Natural fission reactors in the Franceville basin, Gabon: A review of the conditions and results of a "critical event" in a geologic system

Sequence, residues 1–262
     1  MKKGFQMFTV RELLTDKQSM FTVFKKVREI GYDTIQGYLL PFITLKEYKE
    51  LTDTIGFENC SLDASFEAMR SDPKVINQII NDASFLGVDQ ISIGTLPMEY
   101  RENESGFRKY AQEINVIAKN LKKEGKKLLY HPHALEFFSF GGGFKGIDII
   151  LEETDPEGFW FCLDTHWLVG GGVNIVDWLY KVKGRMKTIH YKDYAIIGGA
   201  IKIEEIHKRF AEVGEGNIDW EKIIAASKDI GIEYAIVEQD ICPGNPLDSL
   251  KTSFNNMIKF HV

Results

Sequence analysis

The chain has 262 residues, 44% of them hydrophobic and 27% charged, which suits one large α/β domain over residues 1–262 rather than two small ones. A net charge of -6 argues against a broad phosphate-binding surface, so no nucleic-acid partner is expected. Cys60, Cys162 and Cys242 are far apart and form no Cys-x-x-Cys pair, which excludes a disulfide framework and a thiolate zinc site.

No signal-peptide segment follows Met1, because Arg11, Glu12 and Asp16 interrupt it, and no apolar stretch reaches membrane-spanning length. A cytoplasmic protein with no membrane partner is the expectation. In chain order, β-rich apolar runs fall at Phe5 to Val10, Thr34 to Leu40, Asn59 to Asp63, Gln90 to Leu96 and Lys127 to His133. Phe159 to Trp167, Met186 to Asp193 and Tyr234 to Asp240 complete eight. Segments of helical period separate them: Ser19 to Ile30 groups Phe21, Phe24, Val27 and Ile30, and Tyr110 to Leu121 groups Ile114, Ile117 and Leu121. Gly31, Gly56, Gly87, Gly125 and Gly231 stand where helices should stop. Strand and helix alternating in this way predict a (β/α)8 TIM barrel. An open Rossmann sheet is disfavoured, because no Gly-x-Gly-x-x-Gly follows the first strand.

Natural nuclear fission reactors are only known in two uranium deposits in the world, the Oklo and Bangombédeposits of the Franceville basin: Gabon. Since 1982, five new reactor zones have been discovered in these deposits and studied since 1989 in a cooperative European program. New geological, mineralogical, and geochemical studies have been carried out in order to understand the behavior of the actinides and fission products which have been stored in a geological environment for more than 2.0 Ga years. The Franceville basin and the uranium deposits remained geologically stable over a long period of time. Therefore, the sites of Oklo and Bangombéare well preserved. For the reactors, two main periods of actinide and radionuclides migration have been observed: during the criticality, under P-T conditions of 300 bars and 400-500°C, respectively, and during a distention event which affected the Franceville basin 800 to 900 Ma ago and which was responsible for the intrusion of dolerite dikes close to the reactors. New isotopic analyses on uranium dioxides, clays, and phosphates allow us to determine their respective importance for the retention of fission products. The UO2 matrix appears to be efficient at retaining most actinides and fission products such as REEs, Y, and Zr but not the volatile fission products (Cd, Cs, Xe, and Kr) nor Rb, Sr, and Ba. Some fissiogenic elements such as Mo, Tc, Ru, Rh, Pd, and Te could have formed metallic and oxide inclusion in the UO2 matrix which are similar to those observed in artificial spent fuel. Clays and phosphate minerals also appear to have played a role in the retention of fissiogenic REEs and also of Pu.